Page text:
Ticks in the northeastern United States are showing up earlier in the spring and expanding their range because of warmer temperatures over the past two decades, experts say.
Although the Northeast is currently contending with record-breaking cold, the trend over the past 19 years has been toward warmer temperatures, the researchers explained. And this is enabling black-legged ticks that carry Lyme disease and other infections to begin feeding several weeks earlier than usual, the investigators found.
This could increase the risk for Lyme disease over the coming decades, the researchers said.
"The risk is changing with climate change. We need to prepare ourselves for tick avoidance education earlier in the season," said research co-author Richard Ostfeld, a senior scientist with the Cary Institute of Ecosystem Studies in Millbrook, N.Y.
"The fact of the matter is that avoidance of infected ticks is the only game in town," Ostfeld said.
The institute sits in the middle of tick country near the Hudson River, about 90 minutes upstate from New York City. In one of two new studies, researchers analyzed statistics gleaned from tens of thousands of mice and chipmunks trapped in the area between 1994 and 2012.
Tick season began earlier by nearly three weeks in warmer years -- from early June to late May, Ostfeld said.
Of course it's tough to definitely prove that climate change is causing a boom in tick populations. But Ostfeld believes that if temperatures continue to climb, tick season may begin even earlier.
"Within a few decades, it will shift all the way to early May," he said.
The nymph stage of development -- when ticks are the size of a poppy seed -- is when ticks are the greatest threat to humans. Nymphs are "the guys who make us sick and are responsible for the majority of human cases of Lyme disease," Ostfeld said.
Besides Lyme disease, black-legged ticks can cause babesiosis and anaplasmosis, both potentially life-threatening infections, and encephalitis, an inflammation of the brain, the study authors noted.
Lyme disease is a major public health threat in the Northeast and Midwest, the researchers pointed out.
But warming temperatures are making it easier for ticks to survive in higher altitudes and northern areas that would normally be too cold for them, the researchers concluded after reviewing scientific research.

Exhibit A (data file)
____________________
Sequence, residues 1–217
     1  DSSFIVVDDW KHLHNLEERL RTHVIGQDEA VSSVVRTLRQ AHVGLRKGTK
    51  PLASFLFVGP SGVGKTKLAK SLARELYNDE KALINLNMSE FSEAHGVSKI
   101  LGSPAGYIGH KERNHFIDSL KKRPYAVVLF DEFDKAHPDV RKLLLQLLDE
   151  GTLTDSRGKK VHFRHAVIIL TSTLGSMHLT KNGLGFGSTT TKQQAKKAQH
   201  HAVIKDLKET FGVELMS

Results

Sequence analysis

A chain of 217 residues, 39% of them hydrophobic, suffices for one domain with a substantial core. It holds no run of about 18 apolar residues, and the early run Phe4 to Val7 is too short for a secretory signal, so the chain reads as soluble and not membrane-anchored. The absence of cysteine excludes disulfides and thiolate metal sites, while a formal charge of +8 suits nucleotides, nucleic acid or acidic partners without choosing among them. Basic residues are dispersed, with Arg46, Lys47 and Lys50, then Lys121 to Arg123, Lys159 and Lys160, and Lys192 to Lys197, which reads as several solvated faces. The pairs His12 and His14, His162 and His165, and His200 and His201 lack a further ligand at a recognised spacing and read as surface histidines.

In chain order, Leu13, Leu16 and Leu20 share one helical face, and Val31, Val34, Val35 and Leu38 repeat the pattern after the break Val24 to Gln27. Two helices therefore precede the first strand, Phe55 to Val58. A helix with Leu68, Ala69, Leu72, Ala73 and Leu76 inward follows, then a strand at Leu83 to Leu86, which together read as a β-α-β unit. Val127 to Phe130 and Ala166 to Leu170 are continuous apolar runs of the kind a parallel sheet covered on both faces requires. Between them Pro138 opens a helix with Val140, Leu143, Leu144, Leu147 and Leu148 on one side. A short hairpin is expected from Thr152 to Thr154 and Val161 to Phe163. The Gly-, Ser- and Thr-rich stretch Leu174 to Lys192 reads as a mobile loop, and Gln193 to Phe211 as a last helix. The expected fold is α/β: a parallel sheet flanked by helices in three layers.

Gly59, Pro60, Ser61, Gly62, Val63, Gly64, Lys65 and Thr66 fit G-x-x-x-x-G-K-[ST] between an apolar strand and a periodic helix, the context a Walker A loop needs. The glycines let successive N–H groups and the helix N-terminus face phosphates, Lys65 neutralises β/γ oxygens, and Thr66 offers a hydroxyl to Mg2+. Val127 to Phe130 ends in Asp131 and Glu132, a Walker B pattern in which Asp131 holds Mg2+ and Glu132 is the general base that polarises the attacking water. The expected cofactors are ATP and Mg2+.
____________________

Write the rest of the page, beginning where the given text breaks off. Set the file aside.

"Lyme is expanding geographically, moving northward and moving up in elevation," Ostfeld said.
This means it's likely to spread into western New York (Syracuse, Buffalo, Rochester), western Pennsylvania (Pittsburgh), southern Canada (Quebec and Ontario) and the mountains of New England, he said.
Sam Telford, a professor of infectious disease and global health at Tufts University in Boston, praised the study and said it doesn't exaggerate the risk of climate change.
But Telford cautioned that a lot can happen over decades.
"The Lyme disease epidemic started in the early 1970s, 40 years ago," he said. "By 2040, we will have a vaccine, and we will have better repellents and insecticides."
What about this spring in the Northeast? It won't necessarily be a good year for people who want to avoid Lyme disease, he said.
"A lot of people think the silver lining is that hopefully the ticks will get clobbered because it's so cold. But we don't find evidence of cold weather conditions having an effect on tick populations," Telford said.
Also, he said, a heavy layer of snow can provide a protective blanket for ticks on the ground.
Ostfeld's advice for keeping ticks at bay once the snow melts: "Use a DEET repellent, the same ones you'd use for mosquitos. Do tick checks if you've been out hiking or walking your dog in the woods or shrubs. Pull them off before they bite you for very long. Wear long pants with closed shoes."
Also, learn about the early symptoms of Lyme disease, he said. These include a rash at the site of the tick bite, fatigue, chills, fever and muscle and joint aches, according to the U.S. Centers for Disease Control and Prevention.
The studies were published Feb. 18 in the journal Philosophical Transactions of the Royal Society B.